Saturday, January 08, 2011

Freed Scott Sisters Say They Aren't Bitter 'We're Free ... Thank God'

 Jamie (L) & Gladys Scott With Their Lawyer Chokwe Lumumba
Freed Scott Sisters Say They Aren't Bitter
'We're Free ... Thank God'

Elizabeth Crisp • • January 8, 2011
The Clarion Ledger
With their life sentences for armed robbery suspended, Jamie and Gladys Scott say they aren't bitter about the 16 years they spent behind bars.

"We couldn't have made it in that prison being bitter," said Jamie Scott, 38.

The Scott sisters, who received life terms for their involvement in a 1993 armed robbery that netted between $11 and $200, left the Central Mississippi Correctional Facility Friday morning, driving through a crush of news media - waving and yelling "We're free" and "God bless y'all."

They were scheduled to reunite with their mother, Evelyn Rasco, and their children in Pensacola, Fla., Friday night. Jamie Scott has three children, ages 23, 20 and 17, and Gladys Scott has two, ages 22 and 15.

"I believe that's when I'm going to break down," Gladys Scott, 36, said during an afternoon news conference in Jackson. "That's when reality is going to sink in for me."

Both also are now grandmothers - something Jamie Scott said may take some time to adjust to.

"It's going to be weird - very weird," she said.

Jamie Scott's grandchildren are ages 3 and 5, and Gladys Scott's grandkids are ages 7 and 4.

The sisters are required to report to the Florida Department of Corrections by Jan. 18. They will remain on probation for the rest of their lives as part of their release.

Jamie Scott, who suffers from kidney failure and diabetes, was scheduled to have a dialysis treatment in Florida this morning.

In agreeing to release the sisters, Barbour noted the high cost - nearly $200,000 a year - of providing her dialysis in prison.

He conditioned Gladys Scott's release on her donating a kidney to her sister within the year.

"I'm praying to God that I'm a match," Gladys Scott said. "I was going to give it to her anyway - he didn't have to let me out of prison to do that."

The governor's office has declined to speculate on what will happen if Gladys Scott is unable to go through with the donation.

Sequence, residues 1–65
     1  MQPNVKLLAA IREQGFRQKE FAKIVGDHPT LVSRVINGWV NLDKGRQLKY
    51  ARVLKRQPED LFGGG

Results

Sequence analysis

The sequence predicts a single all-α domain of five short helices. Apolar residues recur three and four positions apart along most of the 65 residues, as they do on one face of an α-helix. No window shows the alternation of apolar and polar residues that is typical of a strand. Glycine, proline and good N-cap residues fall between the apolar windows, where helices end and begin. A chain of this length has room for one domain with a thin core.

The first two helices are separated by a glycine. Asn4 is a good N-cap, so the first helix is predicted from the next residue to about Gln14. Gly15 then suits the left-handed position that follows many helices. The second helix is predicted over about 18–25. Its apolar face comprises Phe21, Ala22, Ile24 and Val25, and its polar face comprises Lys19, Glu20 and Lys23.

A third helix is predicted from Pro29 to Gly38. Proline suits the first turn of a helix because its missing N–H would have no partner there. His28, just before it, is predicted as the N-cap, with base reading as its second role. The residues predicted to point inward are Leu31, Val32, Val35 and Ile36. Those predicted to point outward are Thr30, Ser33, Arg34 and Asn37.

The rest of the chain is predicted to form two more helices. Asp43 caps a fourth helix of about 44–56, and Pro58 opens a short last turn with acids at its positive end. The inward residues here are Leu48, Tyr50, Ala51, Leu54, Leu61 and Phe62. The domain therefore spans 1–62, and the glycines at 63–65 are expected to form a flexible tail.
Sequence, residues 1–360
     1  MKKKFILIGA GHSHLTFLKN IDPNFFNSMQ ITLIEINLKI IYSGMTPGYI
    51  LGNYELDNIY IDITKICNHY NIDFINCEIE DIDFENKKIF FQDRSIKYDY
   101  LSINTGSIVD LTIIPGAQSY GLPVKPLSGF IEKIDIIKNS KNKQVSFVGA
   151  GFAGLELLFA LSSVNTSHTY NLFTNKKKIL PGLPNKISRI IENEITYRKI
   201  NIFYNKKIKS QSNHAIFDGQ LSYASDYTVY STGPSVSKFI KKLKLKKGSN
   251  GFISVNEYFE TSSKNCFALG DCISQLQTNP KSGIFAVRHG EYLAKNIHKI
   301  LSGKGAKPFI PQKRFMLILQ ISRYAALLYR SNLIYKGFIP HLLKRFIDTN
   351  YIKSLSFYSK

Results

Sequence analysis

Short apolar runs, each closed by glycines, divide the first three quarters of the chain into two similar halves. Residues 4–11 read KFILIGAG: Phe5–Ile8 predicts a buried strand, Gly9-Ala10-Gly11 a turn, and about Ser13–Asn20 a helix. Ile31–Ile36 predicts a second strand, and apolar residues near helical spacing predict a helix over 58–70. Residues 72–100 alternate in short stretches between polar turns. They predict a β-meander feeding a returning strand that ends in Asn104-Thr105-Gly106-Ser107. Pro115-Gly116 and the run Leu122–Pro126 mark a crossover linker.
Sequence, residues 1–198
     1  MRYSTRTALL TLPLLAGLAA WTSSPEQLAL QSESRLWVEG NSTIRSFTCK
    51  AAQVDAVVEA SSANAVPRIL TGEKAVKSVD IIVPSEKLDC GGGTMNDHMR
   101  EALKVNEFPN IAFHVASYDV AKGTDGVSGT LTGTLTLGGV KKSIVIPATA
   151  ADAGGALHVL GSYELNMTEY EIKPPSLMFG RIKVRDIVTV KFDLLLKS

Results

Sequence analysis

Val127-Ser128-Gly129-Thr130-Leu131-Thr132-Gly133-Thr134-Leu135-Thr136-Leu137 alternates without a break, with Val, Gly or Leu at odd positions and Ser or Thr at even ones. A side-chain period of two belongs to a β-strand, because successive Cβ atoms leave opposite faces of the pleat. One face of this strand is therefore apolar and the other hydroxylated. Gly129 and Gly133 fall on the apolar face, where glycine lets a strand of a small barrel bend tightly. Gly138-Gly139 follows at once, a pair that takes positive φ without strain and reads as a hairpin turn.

The sisters are trying to qualify for Medicaid to help pay for Jamie Scott's dialysis and the eventual transplant, and NAACP leaders said they had been working all day Friday to fast-track the paperwork.

Some doctors and hospitals have reached out about performing the operation, but nothing has been finalized, the Scott sister's attorney, Chokwe Lumumba, said.

Rasco has fought for years to have her daughters freed, gaining the attention of the NAACP, ACLU and several grass-roots organizations.

The case received national media attention in the months leading up to Barbour's decision to order their release.

Advocates have argued the back-to-back life sentences handed to the sisters by a jury were extreme.

During the sisters' first public appearance at Jackson's Masonic Temple on Friday afternoon, supporters cheered as the two walked into the room.

Several held signs, and some wore T-shirts emblazoned with Jamie and Gladys Scott's photos and "Free the Scott sisters."

"It's been a long, hard road, but we made it," Gladys Scott said.

On the advice of their attorneys, the Scott sisters did not discuss what happened Dec. 24, 1993 in Scott County.

They have maintained their innocence, but according to court testimony, they lured two acquaintances to a secluded area where three teens robbed them.

The assailants hit both men in their heads with a shotgun and took their wallets, according to the court records. The accomplices - all teens at the time - testified the sisters planned the robbery and persuaded them to assist.

Ben Jealous, national leader of the NAACP, said advocates will continue to seek a pardon.

"Everybody came together when they heard the call," he said. "We're still working."

Jamie and Gladys Scott would have been eligible for parole in 2014.

"I told my sister, 'Man gave us 2014, but God said, 'No', " Gladys Scott said.

She first learned of her impending release when she saw a news alert on TV.

"I just started screaming and hollering," she said.

Jamie Scott said she learned it from some of her fellow inmates in the kitchen.

"All the inmates started yelling 'You're free, You're free," she said.

Lumumba said many people are rejected by their families when they go to prison, but the situation was different with the Scott sisters - and that may have played a role in their release.

"(The family) continued to support their loved ones," he said. "Sixteen years is a long time."

Jamie Scott said she hopes to be an advocate for others in prison.

"I left people in that prison that I love with all my heart," she said. "They don't have a voice, so I'll be their voice."

To comment on this story, call Elizabeth Crisp at (601) 961-7303.

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